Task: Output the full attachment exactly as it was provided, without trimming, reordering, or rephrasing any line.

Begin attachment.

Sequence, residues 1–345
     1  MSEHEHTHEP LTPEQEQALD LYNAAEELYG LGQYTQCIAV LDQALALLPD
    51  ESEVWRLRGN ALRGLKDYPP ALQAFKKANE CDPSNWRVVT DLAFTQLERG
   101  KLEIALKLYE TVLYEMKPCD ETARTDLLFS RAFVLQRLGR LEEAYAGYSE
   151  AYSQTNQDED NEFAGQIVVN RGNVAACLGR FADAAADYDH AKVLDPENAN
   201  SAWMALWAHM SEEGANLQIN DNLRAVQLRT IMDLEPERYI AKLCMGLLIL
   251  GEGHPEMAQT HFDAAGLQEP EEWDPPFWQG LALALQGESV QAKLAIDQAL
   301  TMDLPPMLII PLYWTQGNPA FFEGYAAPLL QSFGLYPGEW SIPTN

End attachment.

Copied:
Sequence, residues 1–345
     1  MSEHEHTHEP LTPEQEQALD LYNAAEELYG LGQYTQCIAV LDQALALLPD
    51  ESEVWRLRGN ALRGLKDYPP ALQAFKKANE CDPSNWRVVT DLAFTQLERG
   101  KLEIALKLYE TVLYEMKPCD ETARTDLLFS RAFVLQRLGR LEEAYAGYSE
   151  AYSQTNQDED NEFAGQIVVN RGNVAACLGR FADAAADYDH AKVLDPENAN
   201  SAWMALWAHM SEEGANLQIN DNLRAVQLRT IMDLEPERYI AKLCMGLLIL
   251  GEGHPEMAQT HFDAAGLQEP EEWDPPFWQG LALALQGESV QAKLAIDQAL
   301  TMDLPPMLII PLYWTQGNPA FFEGYAAPLL QSFGLYPGEW SIPTN